This very exciting time in your baby's development often includes learning to crawl, pulling up to stand, playing with a variety of toys, and even starting to walk or cruise around furniture. This new found freedom also means your baby is probably exploring items and places you would rather she didn't. How you respond to this behavior and what you do to start teaching your baby rules today will begin to establish your patterns for "discipline" in the future.


Talk about how you plan to prevent and manage problematic behaviors. Consider your beliefs and experiences related to discipline practices and determine initial guidelines for parenting your baby. The American Academy of Pediatrics (AAP) warns against spanking your baby, or using any other corporal punishment, because of the risk of getting angry or hurting your baby. Right now, your baby cannot recognize the connection between behavior and punishment, making it unlikely she would change her future behavior. Your baby does need loving and caring adults that respond positively and consistently to help her establish a sense of security and attachment. 

Brain Science for Your Baby

Many studies show that the use of corporal punishment, including spanking, is not an effective strategy to prevent future misbehaviors and that it is linked to childhood aggression toward peers and parents and later in intimate relationships (MacIntyre & Cantrell, 1995; Simons & Johnson, 1994; Simons & Lin, 1998; Straus & Kantor; Straus & Yodanis; Swinford et al., 2000; Ulman & Straus, 2003; Weiss et al., 1992). Mothers who are young, who report more parental stress, or report their child has a more difficult temperament, are more likely to spank their child. On the upside, participating in parenting classes and gaining knowledge about child development reduced spanking by 30-35%.


Making a commitment against the use of spanking or other forms of harsh parenting will help you stick to your plan and result in more positive parent-child interactions. A study by Coleman & Schmidt (1995) found that parents who held positive attitudes about strategies such as spanking when their children were 12 months old significantly predicted the use of spanking for their toddlers and children in the future. Establishing your plan now for using positive parenting strategies will help stay on this course in the future. 

A Baby Buffer Prescription for Your Baby

Establish positive parenting practices today to avoid the "spanking" trap for the future.


Get in the habit of telling your baby what TO DO rather than what not to do. Pick a word or short phrase to use when you want to redirect her behavior. For example: "Hands off" when she is getting into things you want her to stay away from.


Redirect your baby by showing her what she IS able to do and things she can touch or play with. Label her toys with her name or as "baby's toys" when talking to her to help her understand what is ok to touch.


Give baby lots of attention and specific praise when she is playing with her toys, moving to safe places, and engaging in other positive behaviors. Examples: "Good job playing with baby's toys" or "good hands off" when she listens to your prompt.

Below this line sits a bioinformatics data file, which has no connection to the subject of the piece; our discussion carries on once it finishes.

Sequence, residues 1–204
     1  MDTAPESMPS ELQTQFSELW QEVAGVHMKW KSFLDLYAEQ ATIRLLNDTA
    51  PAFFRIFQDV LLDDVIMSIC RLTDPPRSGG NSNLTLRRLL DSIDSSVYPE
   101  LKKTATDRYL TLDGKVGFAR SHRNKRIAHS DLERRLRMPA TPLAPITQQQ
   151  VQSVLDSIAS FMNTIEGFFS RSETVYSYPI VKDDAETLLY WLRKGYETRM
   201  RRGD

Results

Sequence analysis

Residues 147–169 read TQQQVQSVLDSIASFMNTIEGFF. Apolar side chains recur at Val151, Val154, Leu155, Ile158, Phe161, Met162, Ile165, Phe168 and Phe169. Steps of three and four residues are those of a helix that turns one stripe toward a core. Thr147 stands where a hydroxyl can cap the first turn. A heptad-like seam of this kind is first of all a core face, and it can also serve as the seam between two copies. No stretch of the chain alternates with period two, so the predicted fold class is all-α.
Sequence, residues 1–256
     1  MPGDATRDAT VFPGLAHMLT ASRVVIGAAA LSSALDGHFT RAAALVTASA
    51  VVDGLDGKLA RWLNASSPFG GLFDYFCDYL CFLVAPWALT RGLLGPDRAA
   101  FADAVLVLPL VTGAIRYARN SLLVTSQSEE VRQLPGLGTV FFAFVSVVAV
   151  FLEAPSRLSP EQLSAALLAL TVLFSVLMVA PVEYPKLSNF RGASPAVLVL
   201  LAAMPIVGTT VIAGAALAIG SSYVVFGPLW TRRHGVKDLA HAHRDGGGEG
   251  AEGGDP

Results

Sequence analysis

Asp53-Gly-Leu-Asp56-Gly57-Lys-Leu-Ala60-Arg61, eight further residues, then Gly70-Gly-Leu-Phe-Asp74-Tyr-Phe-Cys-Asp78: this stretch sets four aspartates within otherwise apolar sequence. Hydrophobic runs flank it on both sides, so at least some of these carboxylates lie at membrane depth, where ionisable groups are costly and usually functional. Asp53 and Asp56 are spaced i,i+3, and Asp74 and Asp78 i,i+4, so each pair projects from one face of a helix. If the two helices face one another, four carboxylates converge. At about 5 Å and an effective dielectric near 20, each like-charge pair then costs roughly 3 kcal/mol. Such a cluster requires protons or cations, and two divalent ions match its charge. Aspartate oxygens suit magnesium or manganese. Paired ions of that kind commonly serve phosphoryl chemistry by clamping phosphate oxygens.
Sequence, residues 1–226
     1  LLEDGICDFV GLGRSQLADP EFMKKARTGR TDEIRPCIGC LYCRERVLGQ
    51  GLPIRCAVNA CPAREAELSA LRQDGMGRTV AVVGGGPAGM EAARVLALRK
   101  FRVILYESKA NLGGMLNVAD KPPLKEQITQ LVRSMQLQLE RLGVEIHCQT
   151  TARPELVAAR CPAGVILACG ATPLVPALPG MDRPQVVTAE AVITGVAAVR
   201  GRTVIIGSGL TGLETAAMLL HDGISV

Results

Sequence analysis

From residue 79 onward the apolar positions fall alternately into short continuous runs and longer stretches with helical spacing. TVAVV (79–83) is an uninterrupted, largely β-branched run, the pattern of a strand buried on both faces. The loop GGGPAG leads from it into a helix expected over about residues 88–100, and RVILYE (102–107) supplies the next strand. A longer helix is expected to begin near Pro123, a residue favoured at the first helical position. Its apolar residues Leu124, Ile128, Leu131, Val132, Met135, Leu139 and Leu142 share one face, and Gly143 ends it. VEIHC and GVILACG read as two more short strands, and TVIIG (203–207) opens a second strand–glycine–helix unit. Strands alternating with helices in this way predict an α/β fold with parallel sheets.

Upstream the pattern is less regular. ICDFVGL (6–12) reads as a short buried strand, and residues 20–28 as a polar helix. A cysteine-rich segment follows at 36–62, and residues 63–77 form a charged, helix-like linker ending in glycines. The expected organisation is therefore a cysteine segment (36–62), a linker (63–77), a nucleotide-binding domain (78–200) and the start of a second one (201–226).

Give less attention to baby for behaviors you do not want to see (getting into things, touching your belongings, etc). Redirect with a neutral face and tone of voice and a short phrase. This helps baby understand it's not "funny" and teaches her that positive behaviors get her lots of attention and praise from you....NOT the negative behaviors.


Decide not to use spanking or other corporal punishment with your baby, toddler, or older children. Make sure everyone that cares for your baby understands and follows these guidelines. Establish positive patterns today. Avoid behaviors like swatting your baby's hand or bottom.

A Baby Buffer Prescription for You        


Have a plan to calm yourself down. Be aware of what makes you angry and how you can stay calm and safe with your baby. You are more likely to be harsh or aggressive with your child when you are upset and angry.


Give yourself a "time out" if you are becoming upset. Put your baby in a safe place (crib) and walk to a different room until you are calm and ready to make good decisions.


Know what calms you down. Counting to 10, taking deep breaths, or lying down for a few minutes are some ways to help decrease anger or frustration.


Ask for help when you need it. Ask someone else to help with baby while you calm down. Remind yourself your baby may not understand and that she is very young. Be patient!


Most importantly.....remember that you are dealing with the most important and precious person to you in the world. Remind yourself to treat her that way!



What Your Baby Can Do - Developmental Milestones 


Your baby is changing quickly during this period. Know what to look for to make sure your baby is growing and changing in a healthy way.  Click on the links below for information from the CDC on what your baby can do now.  

Baby Buffer Blog

Written by Barbara Unell 


I distinctly remember the feeling of softly holding my newborn babies in my arms for the first time.  A warm glow flooded my heart that seemed to flow throughout my whole body. That's the feeling of "bonding"-the term researches have given to the close emotional tie that develops between parents and their baby at birth and in the first few months of a baby's life. 

But the truth is, you may feel this instant bond the second you hold your baby, and you may not. You may feel confused, scared, and disconnected at first, and that's completely normal. Like many relationships, it may take time to bond with your little one.


I learned that an important secret to bonding with my babies was to relax and be "in the moment" when doing everyday activities together. Read More

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